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Author: Joseph George Maliakkal, Baylor College
of Medicine, Class of 2011
Introduction: Chronic kidney disease is a
growing public health problem and renal fibrosis is a prominent
pathological feature of CKD. Although fibroblasts are responsible
for the production and deposition of the extracellular matrix in
renal fibrosis, the origin of fibroblasts mediating renal fibrosis
has been controversial. Recent evidence indicates that circulating
CD45+ collagen I+ fibroblast precursors, termed fibrocytes,
contribute to the pathogenesis of renal fibrosis. However, the
signaling mechanisms responsible for the recruitment of bone
marrow-derived fibrocytes into the kidney are incompletely
understood. In this study, we investigated the role of CXCL16 in
the recruitment of bone marrow-derived fibrocytes into the kidney
and its role in renal fibrosis in a well-established model of
tubulointerstitial injury induced by unilateral ureteral
obstruction (UUO) using CXCL16 knockout mice.
Methods: Wild-type and CXCL16 knockout mice
were subjected to UUO for up to 2 weeks. Renal cells were isolated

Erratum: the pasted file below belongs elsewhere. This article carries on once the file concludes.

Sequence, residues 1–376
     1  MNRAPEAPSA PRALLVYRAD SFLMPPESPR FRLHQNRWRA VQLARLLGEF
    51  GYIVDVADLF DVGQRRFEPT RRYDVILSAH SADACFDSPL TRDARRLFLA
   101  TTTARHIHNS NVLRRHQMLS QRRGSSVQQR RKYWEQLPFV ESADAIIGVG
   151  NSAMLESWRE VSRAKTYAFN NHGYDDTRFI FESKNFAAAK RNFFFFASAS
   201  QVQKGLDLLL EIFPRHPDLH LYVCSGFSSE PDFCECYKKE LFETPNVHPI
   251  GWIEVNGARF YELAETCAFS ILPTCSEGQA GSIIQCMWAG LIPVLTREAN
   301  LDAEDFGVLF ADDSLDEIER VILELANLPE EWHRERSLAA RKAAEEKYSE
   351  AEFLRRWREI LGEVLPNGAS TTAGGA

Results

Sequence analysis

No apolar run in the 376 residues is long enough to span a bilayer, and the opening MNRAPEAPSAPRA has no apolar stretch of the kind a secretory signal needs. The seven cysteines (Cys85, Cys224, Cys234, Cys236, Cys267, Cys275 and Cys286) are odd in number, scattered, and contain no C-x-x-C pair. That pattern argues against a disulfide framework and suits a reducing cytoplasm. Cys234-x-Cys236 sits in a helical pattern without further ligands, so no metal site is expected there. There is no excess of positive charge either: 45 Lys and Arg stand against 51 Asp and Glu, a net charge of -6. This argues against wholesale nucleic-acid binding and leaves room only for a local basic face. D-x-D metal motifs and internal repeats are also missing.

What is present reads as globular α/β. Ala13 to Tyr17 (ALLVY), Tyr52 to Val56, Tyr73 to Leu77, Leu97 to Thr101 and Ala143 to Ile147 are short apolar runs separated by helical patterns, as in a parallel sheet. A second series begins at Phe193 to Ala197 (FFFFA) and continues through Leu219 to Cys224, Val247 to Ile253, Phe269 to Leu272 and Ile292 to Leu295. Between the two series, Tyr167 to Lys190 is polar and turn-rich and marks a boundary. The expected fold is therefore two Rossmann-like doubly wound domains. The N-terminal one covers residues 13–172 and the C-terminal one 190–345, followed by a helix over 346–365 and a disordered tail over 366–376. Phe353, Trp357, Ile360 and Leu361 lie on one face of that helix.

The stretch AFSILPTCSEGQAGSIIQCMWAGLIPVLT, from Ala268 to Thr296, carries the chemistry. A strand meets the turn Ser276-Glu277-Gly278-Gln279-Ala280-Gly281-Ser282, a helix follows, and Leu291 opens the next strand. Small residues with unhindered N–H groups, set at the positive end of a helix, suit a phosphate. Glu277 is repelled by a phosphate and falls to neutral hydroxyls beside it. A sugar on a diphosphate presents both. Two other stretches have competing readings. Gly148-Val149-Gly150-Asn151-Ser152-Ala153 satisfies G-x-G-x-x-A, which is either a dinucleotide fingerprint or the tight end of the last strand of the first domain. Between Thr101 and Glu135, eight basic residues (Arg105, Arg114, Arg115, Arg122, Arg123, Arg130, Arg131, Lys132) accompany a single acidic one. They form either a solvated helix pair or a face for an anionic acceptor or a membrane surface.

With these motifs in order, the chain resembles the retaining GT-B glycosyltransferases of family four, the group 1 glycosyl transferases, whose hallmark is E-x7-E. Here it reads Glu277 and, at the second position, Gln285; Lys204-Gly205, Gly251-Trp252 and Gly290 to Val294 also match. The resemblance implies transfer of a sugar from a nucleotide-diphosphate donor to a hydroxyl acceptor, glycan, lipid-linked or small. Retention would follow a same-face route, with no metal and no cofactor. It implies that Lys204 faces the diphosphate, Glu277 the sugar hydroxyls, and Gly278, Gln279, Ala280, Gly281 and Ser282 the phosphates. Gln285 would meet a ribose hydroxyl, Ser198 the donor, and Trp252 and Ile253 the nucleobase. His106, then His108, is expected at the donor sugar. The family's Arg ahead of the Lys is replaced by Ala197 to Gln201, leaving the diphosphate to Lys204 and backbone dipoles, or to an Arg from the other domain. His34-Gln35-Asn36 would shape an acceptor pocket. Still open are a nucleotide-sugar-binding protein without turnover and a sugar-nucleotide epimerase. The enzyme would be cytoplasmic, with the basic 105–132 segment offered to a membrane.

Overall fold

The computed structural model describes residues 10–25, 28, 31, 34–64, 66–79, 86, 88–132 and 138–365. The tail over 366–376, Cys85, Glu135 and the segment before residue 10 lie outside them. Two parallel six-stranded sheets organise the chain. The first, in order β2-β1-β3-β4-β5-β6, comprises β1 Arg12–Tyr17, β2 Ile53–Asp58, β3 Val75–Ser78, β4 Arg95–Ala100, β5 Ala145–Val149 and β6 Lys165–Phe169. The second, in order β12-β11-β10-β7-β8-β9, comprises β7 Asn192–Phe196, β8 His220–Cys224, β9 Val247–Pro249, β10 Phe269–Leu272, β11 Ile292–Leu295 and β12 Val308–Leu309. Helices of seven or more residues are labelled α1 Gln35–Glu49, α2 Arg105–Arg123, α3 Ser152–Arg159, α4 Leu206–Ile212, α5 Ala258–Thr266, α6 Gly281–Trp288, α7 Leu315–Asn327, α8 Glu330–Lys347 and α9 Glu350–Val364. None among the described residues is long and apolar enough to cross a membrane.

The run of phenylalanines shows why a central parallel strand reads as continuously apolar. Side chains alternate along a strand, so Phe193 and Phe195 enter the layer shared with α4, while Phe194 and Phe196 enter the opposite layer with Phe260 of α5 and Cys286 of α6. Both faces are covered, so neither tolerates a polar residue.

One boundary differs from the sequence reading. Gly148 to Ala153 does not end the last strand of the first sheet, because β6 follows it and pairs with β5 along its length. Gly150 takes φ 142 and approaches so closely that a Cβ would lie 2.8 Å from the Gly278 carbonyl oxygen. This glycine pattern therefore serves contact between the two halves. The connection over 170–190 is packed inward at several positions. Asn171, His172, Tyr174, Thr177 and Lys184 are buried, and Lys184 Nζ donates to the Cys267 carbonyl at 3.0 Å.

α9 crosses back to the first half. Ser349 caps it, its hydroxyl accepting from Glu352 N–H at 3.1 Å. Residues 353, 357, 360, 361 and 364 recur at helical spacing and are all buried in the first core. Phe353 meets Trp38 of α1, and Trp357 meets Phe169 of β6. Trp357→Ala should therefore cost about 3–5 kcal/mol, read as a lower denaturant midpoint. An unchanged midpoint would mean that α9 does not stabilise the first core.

using enzymatic digestion and flow cytometry was performed to
quantify the number of fibrocytes in the kidney. Picrosirius red
staining was done to evaluate the degree of renal fibrosis. Real
time RT-PCR, immunohistochemistry and Western blot analysis were
performed to determine the levels of collagen I, fibronectin, and
alpha-SMA in the kidney.
Results: Our results revealed that CD45 and
collagen I dual positive fibrocytes progressively accumulated in
the injured kidney of wild-type mice, reaching a peak at day 5
after obstructive injury. In contrast, the number of bone
marrow-derived fibrocytes was significantly reduced in the injured
kidney of CXCL16 knockout mice. Fibrocytes expressed CXCR6, the
CXCL16 receptor. CXCL16 knockout mice exhibited a significant
reduction in CD45, collagen I, and CXCR6 triple positive fibrocytes
in response to obstructive injury compared with wild-type mice.
Furthermore, targeted deletion of CXCL16 inhibited myofibroblast
activation, reduced total collagen deposition, and suppressed
expression of collagen I and fibronectin.
Conclusion: CXCL16 plays a pivotal role in the
pathogenesis of renal fibrosis by recruiting bone marrow-derived
January 2012 Issue of IMpact